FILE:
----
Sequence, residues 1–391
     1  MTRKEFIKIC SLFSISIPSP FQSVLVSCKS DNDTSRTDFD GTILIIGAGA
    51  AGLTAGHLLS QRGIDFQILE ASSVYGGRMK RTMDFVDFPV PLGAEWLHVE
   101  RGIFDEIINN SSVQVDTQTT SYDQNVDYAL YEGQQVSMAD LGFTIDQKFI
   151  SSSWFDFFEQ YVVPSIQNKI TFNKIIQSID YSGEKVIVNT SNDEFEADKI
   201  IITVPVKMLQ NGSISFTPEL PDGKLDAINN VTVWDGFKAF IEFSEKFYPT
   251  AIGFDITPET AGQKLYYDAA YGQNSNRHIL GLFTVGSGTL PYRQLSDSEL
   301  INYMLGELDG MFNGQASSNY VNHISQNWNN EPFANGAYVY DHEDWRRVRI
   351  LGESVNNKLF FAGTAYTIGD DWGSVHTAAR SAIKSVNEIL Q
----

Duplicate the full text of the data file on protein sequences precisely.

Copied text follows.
Sequence, residues 1–391
     1  MTRKEFIKIC SLFSISIPSP FQSVLVSCKS DNDTSRTDFD GTILIIGAGA
    51  AGLTAGHLLS QRGIDFQILE ASSVYGGRMK RTMDFVDFPV PLGAEWLHVE
   101  RGIFDEIINN SSVQVDTQTT SYDQNVDYAL YEGQQVSMAD LGFTIDQKFI
   151  SSSWFDFFEQ YVVPSIQNKI TFNKIIQSID YSGEKVIVNT SNDEFEADKI
   201  IITVPVKMLQ NGSISFTPEL PDGKLDAINN VTVWDGFKAF IEFSEKFYPT
   251  AIGFDITPET AGQKLYYDAA YGQNSNRHIL GLFTVGSGTL PYRQLSDSEL
   301  INYMLGELDG MFNGQASSNY VNHISQNWNN EPFANGAYVY DHEDWRRVRI
   351  LGESVNNKLF FAGTAYTIGD DWGSVHTAAR SAIKSVNEIL Q